Farewell to the Cobra

Carl Froch

 

His career didn’t end with a showdown with the feared Gennady Golovkin, a Las Vegas appearance against Julio Cesar Chavez Jr. or a British grudge match against James DeGale. Instead, after much conjecture, Carl Froch decided, at age 38, that the prudent thing was to walk away from boxing, announcing his retirement from boxing, earlier this week.

 

He finishes with a mark of 33-2 (24) and while that’s not a high number, Froch’s ledger is the very definition of quality over quantity and he finished his career with a flourish.

 

From the very end of 2008 to mid-2014 he faced (in order): Jean Pascal (UD12), Jermain Taylor (TKO 12), Andre Dirrell (SD 12), Mikkel Kessler (L UD 12), Arthur Abraham (UD 12), Glen Johnson (MD12), Andre Ward (L UD 12), Lucian Bute (TKO 5), Yusaf Mack (KO 3), Kessler (UD12), George Groves (TKO 9) and Groves (TKO 8).

 

During this stretch, Froch captured the vacant WBC 168-pound title versus Pascal, came back in thrilling fashion against Taylor, was the runner-up in the “Super Six World Classic” to Andre Ward, avenged his loss to Kessler and then cleared up any doubts versus his British archnemesis Groves in emphatic fashion. in the end, he had possession of the WBA and IBF super middleweight belts.

 

In an ironic twist, it was Froch – not Ward – who cashed in on his Super Six run and finally became a bona fide draw in England. No, he wasn’t the attraction Ricky Hatton was but you do know he knocked Groves out in their rematch in front of 80,000 fans in Wembley Stadium, right?

 

During this period of time, he took the “0”s away from Pascal, Dirrell, Bute and Groves.

 

And to this reporter, there is no doubt Froch is headed to Canastota and the International Boxing Hall of Fame. Whether or not he’s a first ballot guy, well, that remains to be seen. But there are boxers with much less on their resumes who have had their fists encased there. Froch is a virtual shoo-in by today’s standards.

 

He wasn’t the smoothest or most elegant fighter but for whatever fundamental flaws he may have had, Froch overcame then with pure guts, a will to win – and an iron-cast chin. As you saw him in his early bouts, you never got the sense you were looking at someone who was destined to accomplish so much in his career. There are some fighters who, for whatever reasons, fall short of their God-given expectations. Others somehow get a bit more than should be expected. Froch is certainly an example of the latter.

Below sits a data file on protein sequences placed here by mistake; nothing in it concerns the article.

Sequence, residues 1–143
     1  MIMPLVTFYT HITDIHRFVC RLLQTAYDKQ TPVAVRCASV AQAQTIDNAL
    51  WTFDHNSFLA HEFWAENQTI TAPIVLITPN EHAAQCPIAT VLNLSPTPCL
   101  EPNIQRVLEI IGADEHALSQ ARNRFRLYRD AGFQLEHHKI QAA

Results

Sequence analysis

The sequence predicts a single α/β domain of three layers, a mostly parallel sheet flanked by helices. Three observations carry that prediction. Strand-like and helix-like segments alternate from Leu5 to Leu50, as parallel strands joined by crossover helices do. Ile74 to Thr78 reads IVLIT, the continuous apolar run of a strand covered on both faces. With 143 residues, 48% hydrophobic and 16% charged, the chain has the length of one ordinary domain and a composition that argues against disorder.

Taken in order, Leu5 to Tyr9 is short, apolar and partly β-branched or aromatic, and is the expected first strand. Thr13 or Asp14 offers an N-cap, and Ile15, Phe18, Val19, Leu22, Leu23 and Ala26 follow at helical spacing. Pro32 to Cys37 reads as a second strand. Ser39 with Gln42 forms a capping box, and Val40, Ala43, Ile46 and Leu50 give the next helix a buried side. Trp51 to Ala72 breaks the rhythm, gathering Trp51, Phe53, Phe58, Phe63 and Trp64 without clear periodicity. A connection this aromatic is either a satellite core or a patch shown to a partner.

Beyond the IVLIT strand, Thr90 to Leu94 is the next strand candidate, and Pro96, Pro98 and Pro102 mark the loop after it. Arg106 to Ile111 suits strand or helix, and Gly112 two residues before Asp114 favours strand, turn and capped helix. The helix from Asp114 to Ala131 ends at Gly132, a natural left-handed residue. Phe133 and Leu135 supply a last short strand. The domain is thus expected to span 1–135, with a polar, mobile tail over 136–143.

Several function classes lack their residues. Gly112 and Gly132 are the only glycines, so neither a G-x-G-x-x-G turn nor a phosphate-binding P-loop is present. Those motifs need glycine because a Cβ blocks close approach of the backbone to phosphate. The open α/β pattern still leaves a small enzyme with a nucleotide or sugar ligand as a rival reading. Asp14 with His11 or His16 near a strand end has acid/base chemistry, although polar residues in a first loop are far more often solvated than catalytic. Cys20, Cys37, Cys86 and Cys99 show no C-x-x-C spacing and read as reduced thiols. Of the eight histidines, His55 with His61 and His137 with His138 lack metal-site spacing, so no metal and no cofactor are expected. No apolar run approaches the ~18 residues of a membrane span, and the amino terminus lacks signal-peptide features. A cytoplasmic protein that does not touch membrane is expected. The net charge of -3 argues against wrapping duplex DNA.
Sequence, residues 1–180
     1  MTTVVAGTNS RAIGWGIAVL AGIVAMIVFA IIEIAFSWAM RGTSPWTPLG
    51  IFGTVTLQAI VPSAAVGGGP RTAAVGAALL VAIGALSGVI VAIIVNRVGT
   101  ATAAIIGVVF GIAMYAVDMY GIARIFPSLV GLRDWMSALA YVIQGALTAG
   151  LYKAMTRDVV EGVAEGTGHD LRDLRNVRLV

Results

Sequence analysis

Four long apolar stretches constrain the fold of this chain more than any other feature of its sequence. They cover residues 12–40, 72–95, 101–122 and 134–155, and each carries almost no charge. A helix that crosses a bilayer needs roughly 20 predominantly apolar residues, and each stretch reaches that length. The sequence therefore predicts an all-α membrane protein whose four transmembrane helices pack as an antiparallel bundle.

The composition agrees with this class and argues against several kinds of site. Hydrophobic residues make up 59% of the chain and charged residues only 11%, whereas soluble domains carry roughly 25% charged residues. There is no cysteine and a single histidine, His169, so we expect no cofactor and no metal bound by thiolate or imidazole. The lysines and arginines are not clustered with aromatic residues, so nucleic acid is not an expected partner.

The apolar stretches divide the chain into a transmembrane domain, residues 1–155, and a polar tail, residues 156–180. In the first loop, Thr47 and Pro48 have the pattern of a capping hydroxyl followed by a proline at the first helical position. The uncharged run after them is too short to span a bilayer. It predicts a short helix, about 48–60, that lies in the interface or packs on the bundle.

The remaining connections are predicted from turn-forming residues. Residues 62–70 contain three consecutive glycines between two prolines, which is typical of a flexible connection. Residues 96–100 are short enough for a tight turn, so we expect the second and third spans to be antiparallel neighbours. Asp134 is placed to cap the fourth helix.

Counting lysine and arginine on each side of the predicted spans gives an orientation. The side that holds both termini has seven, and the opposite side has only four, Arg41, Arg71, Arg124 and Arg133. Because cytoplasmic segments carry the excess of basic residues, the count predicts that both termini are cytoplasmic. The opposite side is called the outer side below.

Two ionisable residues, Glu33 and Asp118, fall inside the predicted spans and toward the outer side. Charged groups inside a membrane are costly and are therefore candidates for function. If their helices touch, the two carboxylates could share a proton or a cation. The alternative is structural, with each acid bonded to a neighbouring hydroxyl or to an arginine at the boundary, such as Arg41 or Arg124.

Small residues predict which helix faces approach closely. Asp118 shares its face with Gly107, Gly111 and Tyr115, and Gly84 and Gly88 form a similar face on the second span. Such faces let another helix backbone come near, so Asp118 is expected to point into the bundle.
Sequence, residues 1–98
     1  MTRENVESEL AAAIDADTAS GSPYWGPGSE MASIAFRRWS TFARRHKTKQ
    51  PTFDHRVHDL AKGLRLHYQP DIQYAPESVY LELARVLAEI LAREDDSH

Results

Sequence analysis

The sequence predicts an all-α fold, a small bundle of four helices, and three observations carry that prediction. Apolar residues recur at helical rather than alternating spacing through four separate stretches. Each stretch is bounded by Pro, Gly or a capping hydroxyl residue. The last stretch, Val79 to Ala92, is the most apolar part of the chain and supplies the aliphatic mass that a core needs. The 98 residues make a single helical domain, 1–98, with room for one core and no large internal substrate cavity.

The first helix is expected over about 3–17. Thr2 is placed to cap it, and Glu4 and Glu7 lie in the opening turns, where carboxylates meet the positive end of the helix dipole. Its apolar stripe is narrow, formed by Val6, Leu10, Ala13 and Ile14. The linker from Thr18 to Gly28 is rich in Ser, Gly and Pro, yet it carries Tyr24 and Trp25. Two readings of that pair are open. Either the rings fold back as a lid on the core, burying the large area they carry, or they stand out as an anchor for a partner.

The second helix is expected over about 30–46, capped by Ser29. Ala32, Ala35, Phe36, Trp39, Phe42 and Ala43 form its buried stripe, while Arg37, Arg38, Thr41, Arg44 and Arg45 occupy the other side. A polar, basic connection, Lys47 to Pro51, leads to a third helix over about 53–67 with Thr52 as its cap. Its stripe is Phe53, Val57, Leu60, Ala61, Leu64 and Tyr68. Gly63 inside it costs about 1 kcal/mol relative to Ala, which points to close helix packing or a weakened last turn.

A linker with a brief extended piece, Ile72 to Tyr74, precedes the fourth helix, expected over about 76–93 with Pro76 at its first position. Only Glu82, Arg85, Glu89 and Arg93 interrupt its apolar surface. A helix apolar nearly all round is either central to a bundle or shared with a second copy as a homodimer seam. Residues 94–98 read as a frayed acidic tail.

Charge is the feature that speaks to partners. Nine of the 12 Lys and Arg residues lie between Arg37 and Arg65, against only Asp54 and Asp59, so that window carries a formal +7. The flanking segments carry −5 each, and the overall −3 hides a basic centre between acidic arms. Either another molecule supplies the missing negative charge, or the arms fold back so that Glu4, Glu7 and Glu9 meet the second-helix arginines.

Whatever he lacked in tangibles, he made up for with intangibles.

 

Truthfully, Froch was not a universally beloved fighter in Britain – which is generally and staunchly loyal to its standout pugilists – this wasn’t Hatton, who could bring droves of his fans to any arena in the world and have them singing about there being only one Ricky Hatton. Froch had – shall we say – a bit of a prickly personality that turned off a lot of people. In America, we call it being a “red ass” and is the type of guy you either loved or hated and, quite frankly, he probably enjoyed that to a certain degree.

 

And not adding to this Q-rating was his verbal feud with another distinguished super middleweight from the UK, Joe Calzaghe. Quite frankly, these two have a certain disdain for one another which, at times, seems both professional and personal. It’s really a shame they weren’t born just a bit closer to one another. Most observers believe Calzaghe – already in the Hall – is the superior fighter. Fair enough. But compare their records and tell me who faced and defeated more quality 168-pounders in his prime?

 

These arguments will go on for years and will be debated endlessly but this much should be agreed upon: In an era in which so many fighters are protected and coddled, Froch was truly a throwback to a bygone era when those who participated in this trade were more boxers than businesses.

 

Farewell, Mr. Froch; you will be missed (whether not everyone admits it not, well, that’s a different story).

 

 

TNR

 

Here’s the latest edition of “The Next Round” with Gabe Montoya and Yours Truly.

 

 

3 KD RULE

 

“The 3 Knockdown Rule” podcast with Mario Lopez and myself can be listened to right here and can be downloaded on iTunes and Stitcher.

 

 

FROCH FLURRIES

 

Speaking of a Hall-of-Famer, Marco Antonio Barrera has been confirmed for the Nevada Boxing Hall of Fame induction ceremony on Aug. 8 at Caesars Palace…Did you hear what Ronda Rousey said about Floyd Mayweather Jr. after winning the ESPY for best fighter? Yeah, she went there, alright…SEC media days means football is just around the corner…Sept. 12 will be great, some really good college football games on that day/night…I can be reached at steve.kim@ucnlive.com and I tweet (a lot) at twitter.com/steveucnlive. I also share photos of stuff at instagram.com/steveucnlive and can also be found at tsu.co/steveucnlive.

 

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